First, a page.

Jerusalem [Israel], March 22: Zionist's settler movement celebrated Tuesday after parliament annulled part of a law banning them from living in areas of the occupied West Bank the government evacuated in 2005. That year the government of Ariel Sharon oversaw a unilateral withdrawal by Zionist entity from the Gaza Strip, and the removal of Jewish settlers from the Palestinian enclave and four settlements in the northern West Bank.
Legislation passed at the time barred Zionists from staying in those areas, but an amendment approved by lawmakers overnight permits Zionists to return to the West Bank settlement sites near the city of Nablus. The parliamentary vote notably paves the way for Zionist authorities to formally allow settlers to return to Homesh, the only one of the four sites whose residents were forcibly removed before their homes were demolished.
The United Nations asserts that all Zionist settlements are illegal under international law, a charge the government disputes. Prime Minister Benjamin Netanyahu returned to power in December, at the helm of one of the most right-wing administrations in the country's history.
Amid a surge in violence in the Zionist-Palestinian conflict, the UN Security Council last month called on all parties to "refrain from provocative actions". The council in a February 20 statement expressed its "strong opposition to all unilateral measures that impede peace - including Zionist construction and expansion of settlements, confiscation of Palestinians' land and the 'legalisation' of settlement outposts."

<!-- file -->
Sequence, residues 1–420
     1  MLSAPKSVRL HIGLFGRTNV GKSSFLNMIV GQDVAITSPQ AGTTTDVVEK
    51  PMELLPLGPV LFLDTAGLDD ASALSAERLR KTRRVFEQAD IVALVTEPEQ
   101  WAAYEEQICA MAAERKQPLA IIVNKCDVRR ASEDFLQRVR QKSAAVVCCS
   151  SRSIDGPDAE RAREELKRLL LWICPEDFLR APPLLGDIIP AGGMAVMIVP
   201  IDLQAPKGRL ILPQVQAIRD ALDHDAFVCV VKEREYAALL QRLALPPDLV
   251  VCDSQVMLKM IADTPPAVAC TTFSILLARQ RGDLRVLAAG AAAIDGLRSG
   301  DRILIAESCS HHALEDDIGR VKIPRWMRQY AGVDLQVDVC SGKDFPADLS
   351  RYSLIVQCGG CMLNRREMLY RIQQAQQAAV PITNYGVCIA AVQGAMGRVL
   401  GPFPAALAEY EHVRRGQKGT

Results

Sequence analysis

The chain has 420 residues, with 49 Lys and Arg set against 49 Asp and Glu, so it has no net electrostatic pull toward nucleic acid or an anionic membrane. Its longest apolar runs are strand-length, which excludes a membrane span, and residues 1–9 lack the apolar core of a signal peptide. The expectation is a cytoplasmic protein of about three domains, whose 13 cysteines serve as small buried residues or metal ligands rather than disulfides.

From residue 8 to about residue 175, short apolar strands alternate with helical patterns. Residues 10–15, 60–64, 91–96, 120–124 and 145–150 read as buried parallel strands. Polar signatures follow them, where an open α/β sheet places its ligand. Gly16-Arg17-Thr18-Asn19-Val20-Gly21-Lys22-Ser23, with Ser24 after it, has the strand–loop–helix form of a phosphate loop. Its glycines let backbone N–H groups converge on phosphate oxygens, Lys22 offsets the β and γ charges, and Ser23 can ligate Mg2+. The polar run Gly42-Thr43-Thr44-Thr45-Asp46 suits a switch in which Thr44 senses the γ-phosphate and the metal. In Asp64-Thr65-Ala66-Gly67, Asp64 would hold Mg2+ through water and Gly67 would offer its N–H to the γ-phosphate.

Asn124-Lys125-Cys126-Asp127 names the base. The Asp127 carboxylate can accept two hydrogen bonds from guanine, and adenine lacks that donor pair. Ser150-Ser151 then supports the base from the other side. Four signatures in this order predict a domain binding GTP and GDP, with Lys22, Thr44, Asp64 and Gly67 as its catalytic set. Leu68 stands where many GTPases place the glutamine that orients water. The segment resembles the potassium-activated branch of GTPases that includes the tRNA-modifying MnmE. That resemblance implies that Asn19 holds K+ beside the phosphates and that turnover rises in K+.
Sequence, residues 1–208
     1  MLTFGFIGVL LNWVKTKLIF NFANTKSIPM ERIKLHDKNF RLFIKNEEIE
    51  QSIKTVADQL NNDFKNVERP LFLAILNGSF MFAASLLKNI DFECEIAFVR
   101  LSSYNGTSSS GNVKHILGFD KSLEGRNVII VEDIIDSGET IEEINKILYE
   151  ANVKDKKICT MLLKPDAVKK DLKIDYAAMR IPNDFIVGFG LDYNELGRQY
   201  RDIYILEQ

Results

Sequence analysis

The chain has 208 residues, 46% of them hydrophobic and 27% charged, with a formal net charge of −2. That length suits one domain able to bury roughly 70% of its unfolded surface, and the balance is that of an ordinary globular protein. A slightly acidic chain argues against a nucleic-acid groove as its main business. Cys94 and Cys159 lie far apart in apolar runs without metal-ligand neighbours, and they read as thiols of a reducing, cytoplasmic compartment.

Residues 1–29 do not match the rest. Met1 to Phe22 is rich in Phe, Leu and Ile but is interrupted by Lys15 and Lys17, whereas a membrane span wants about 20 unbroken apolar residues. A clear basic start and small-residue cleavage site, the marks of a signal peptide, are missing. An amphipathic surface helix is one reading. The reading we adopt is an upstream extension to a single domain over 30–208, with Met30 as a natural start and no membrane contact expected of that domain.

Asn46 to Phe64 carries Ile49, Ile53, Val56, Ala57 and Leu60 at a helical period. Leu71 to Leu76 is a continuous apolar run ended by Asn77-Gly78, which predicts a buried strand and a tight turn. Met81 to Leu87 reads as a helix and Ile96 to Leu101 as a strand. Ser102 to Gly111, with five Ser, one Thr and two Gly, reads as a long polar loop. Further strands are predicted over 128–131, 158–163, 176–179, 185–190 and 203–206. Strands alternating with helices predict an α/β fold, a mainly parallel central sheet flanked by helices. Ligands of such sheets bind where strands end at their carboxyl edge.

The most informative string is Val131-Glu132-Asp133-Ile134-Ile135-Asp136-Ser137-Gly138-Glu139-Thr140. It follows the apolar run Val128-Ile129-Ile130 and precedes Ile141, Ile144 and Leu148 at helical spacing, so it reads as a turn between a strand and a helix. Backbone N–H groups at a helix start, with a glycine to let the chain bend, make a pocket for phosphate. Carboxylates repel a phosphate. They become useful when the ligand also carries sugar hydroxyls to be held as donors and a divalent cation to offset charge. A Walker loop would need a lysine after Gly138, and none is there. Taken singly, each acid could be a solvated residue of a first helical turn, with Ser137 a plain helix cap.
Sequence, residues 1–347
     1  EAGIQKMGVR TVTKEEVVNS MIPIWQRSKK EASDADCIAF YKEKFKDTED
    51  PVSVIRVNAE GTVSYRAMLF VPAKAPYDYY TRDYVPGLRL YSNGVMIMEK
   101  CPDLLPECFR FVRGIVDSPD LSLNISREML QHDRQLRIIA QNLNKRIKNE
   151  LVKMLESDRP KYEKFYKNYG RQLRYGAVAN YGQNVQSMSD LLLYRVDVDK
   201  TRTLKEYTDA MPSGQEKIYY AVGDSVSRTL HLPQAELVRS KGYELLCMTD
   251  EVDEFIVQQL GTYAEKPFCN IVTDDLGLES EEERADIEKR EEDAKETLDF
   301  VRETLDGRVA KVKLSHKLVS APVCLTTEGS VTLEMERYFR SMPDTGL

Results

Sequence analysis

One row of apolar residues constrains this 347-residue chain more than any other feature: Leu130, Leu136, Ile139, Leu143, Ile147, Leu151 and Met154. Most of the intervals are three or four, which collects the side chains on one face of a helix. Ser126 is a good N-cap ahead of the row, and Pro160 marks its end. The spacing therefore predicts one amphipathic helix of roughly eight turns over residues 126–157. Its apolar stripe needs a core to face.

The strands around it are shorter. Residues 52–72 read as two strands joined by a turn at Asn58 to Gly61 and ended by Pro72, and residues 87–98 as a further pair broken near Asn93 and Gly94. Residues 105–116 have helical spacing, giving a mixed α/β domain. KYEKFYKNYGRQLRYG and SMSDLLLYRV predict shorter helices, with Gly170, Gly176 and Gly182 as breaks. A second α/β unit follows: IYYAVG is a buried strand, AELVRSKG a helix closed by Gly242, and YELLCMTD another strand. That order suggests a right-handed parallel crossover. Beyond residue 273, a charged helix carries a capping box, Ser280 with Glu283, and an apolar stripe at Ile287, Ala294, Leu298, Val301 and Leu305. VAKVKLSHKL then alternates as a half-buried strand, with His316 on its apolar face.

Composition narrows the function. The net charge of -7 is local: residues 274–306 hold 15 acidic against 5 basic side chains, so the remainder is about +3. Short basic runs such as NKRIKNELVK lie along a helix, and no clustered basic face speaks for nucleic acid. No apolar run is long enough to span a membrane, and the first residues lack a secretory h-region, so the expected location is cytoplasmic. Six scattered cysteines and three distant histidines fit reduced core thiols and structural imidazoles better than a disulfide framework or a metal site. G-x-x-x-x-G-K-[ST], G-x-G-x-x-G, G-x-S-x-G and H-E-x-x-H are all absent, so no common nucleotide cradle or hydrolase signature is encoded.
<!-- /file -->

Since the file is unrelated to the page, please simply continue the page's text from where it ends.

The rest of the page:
Zionist's far-right settler lobby has made Homesh, which was home to 70 families in 2005, a symbol of their cause. A small group of activists returned to the site in 2009 and built a yeshiva, a Jewish seminary, which was evacuated dozens of times by Zionist forces until the military ultimately allowed them to stay.
Zionist's far-right Finance Minister Bezalel Smotrich, himself a West Bank settler who has claimed "there isn't a Palestinian people", heralded the parliamentary vote as "historic". The legislative move "advances the regularisation of our presence at Homesh," he wrote on Twitter, as further steps are needed before the government allows its citizens to return en masse to the site.
Limor Son-HarMelech, an extreme-right lawmaker who lived in Homesh in 2005, described the vote as a moment of "boundless joy". Zionist anti-settlement movement Peace Now said the parliamentary decision would spark the construction of more West Bank outposts - settlements established by Zionists without prior government approval. "A Messianic revolution is taking place. this government will inevitably destroy our country," Peace Now wrote on Twitter.
The Palestinian Islamist group Hamas, which rules Gaza, described the vote as a "crime" and called on the international community to "stop the settler-colonial occupation violations". In December 2021, an AFP photographer saw the seminary and a dormitory at the site, which was being guarded by the Zionist military.
Last year, clashes broke out between Zionist security forces and Palestinians from the village of Burqa who claim they own the land on which Homesh was built. The Palestinian residents were protesting against the return of settlers to Homesh. They also appealed to Zionist's supreme court, which in January gave the government 90 days to justify why authorities have not evicted Zionists who returned to the site. - AFP
Source: Kuwait Times